# Thread: Density Function [a,b] and integration

1. ## Density Function [a,b] and integration

Hello
Here's a question:
Let X have a continuous uniform distribution on the interval [a,b]. Find the density function for this dristribution and then verify that $\mu = \frac{(a + b)}{2}$ and $\sigma^2 = \frac{(b - a)^2}{12}$ .
ok
So here's what I "think" I should do ...

Let f(x) = 1/(b-a) = 1 assuming that a=0 and b=1
For a <= x <= b

I know I need to integrate, but I'm not sure how to set up the problem
$\mu = E(x) = \int xf(x)dx$ where f(x) = 1
then
$\int xdx = \frac{1}{2}x^2$ which equals 1/2 when pluging in [a.b]
Verifying ...
$\mu = \frac {(a+b)}{2}$ you get $\mu = \frac {(0+1)}{2} = \frac {1}{2}$

and then we have $\sigma^2$

$\sigma^2 = E((x-\mu)^2) = \int (x-\mu)^2f(x)dx$
so ...
$\int (x-\frac{1}{2})^2dx = \int x^2-x+\frac{1}{4}dx = \frac{x^3}{3}-\frac{x^2}{2}+\frac{x}{4}$
When you plug in the interval [0,1] you get $\frac{1}{12}$
verifying $\mu^2$ You also get $\frac{1}{12}$

Is this correct? wow, that was long, sorry, I just tried to do it myself without any help at first. Be nice to me, it's my first post and it's also my birthday! WOOHOO
Thanks for all the help

2. Originally Posted by TaoWine
...
Is this correct? wow, that was long, sorry, I just tried to do it myself without any help at first. Be nice to me, it's my first post and it's also my birthday! WOOHOO
Thanks for all the help

HAPPY BIRTHDAY!!

3. Originally Posted by TaoWine
Hello
Here's a question:
Let X have a continuous uniform distribution on the interval [a,b]. Find the density function for this dristribution and then verify that $\mu = \frac{(a + b)}{2}$ and $\sigma^2 = \frac{(b - a)^2}{12}$ .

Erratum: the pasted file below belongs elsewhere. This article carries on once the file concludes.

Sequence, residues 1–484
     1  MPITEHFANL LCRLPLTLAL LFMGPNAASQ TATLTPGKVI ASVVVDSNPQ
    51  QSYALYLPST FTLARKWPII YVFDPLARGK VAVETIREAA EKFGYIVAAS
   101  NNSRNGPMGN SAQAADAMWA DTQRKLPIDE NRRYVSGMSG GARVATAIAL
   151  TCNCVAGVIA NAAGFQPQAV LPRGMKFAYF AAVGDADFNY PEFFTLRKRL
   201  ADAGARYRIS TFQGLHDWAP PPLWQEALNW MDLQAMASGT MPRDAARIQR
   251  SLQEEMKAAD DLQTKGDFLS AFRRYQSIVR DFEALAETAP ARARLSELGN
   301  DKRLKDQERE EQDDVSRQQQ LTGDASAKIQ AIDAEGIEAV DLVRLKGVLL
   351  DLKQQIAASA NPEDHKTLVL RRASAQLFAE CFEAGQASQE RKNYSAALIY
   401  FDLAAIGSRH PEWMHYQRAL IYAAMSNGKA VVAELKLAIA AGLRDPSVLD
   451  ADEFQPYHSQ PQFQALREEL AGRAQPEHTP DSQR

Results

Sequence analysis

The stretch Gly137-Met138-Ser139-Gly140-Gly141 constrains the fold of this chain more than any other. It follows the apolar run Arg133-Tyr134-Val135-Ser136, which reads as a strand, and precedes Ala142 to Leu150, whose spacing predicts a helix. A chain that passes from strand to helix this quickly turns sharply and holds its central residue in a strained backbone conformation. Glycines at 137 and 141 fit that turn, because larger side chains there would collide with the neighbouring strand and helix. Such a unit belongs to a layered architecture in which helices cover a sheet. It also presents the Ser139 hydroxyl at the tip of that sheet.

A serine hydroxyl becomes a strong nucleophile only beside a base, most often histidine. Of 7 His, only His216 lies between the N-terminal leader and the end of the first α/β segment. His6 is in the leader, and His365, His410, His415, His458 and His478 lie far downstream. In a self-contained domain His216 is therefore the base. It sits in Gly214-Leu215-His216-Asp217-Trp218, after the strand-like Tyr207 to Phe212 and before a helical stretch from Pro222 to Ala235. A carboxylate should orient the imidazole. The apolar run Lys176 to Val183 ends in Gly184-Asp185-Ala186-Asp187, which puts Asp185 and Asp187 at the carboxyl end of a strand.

ok
So here's what I "think" I should do ...

Let f(x) = 1/(b-a) = 1 assuming that a=0 and b=1
For a <= x <= b

I know I need to integrate, but I'm not sure how to set up the problem
$\mu = E(x) = \int xf(x)dx$ where f(x) = 1
then
$\int xdx = \frac{1}{2}x^2$ which equals 1/2 when pluging in [a.b]
Verifying ...
$\mu = \frac {(a+b)}{2}$ you get $\mu = \frac {(0+1)}{2} = \frac {1}{2}$

and then we have $\sigma^2$

$\sigma^2 = E((x-\mu)^2) = \int (x-\mu)^2f(x)dx$
so ...
$\int (x-\frac{1}{2})^2dx = \int x^2-x+\frac{1}{4}dx = \frac{x^3}{3}-\frac{x^2}{2}+\frac{x}{4}$
When you plug in the interval [0,1] you get $\frac{1}{12}$
verifying $\mu^2$ You also get $\frac{1}{12}$

Is this correct? wow, that was long, sorry, I just tried to do it myself without any help at first. Be nice to me, it's my first post and it's also my birthday! WOOHOO
Thanks for all the help
I was looking forward to seeing what Jhevon had to say. Unfortunately, what I saw was at variance with my expectation .

Here is my birthday present to you, TaoWine:

The pdf of X is $f(x) = \frac{1}{b-a}$ for $a \leq x \leq b$ and zero elsewhere.

Then

$\mu = E(X) = \int_{-\infty}^{+\infty} x f(x) \, dx = \int_{a}^{b} \frac{x}{b-a} \, dx = \frac{1}{b-a} \int_{a}^{b} x \, dx$

$= \frac{1}{b-a} \left ( \frac{b^2 - a^2}{2} \right) = \frac{1}{b-a} \left ( \frac{(b - a)(b+a)}{2} \right) = \frac{b+a}{2}$.

By symmetry this expectation is totally expected .

I leave you to find:

1. $E \left( X^2 \right)$.

2. $\sigma^2 = Var (X) = E (X^2) - \left [ E(X) \right]^2$.

4. Originally Posted by mr fantastic
I was looking forward to seeing what Jhevon had to say. Unfortunately, what I saw was at variance with my expectation .
puns intended

i'm not the probability guy, so i don't even try sorry to disappoint you

5. Originally Posted by TaoWine
Hello
Here's a question:
Let X have a continuous uniform distribution on the interval [a,b]. Find the density function for this dristribution
Mr Fantastic has told you what the density function is and finished the question, but you are asked to find it, so you need to observe that:

X has a continuous uniform distribution on the interval [a,b]

Means that the pdf of $X$ is a constant on $[0,1]$ and zero everywhere else. So let the pdf of $X$ be:

$f(x)=\left\{ c\ x \in [a,b] \atop 0\ {\rm{otherwise}} \right.$.

To be a pdf we require that the integral of this over $\mathbb{R}$ be $1$. So:

$
\int_{-\infty}^{\infty}f(x)\;dx= \int_{a}^{b}c\;dx=cb-ca=1
$

Hence:

$c=\frac{1}{b-a}$

RonL

6. Jhevon, thanks for the birthday message

mr fantastic, I can't thank you enough, I was able to get the second answer to that question at 4:00am this morning while I was working.

CaptainBlack, also a big thanks!

You guys Rock! Take care everyone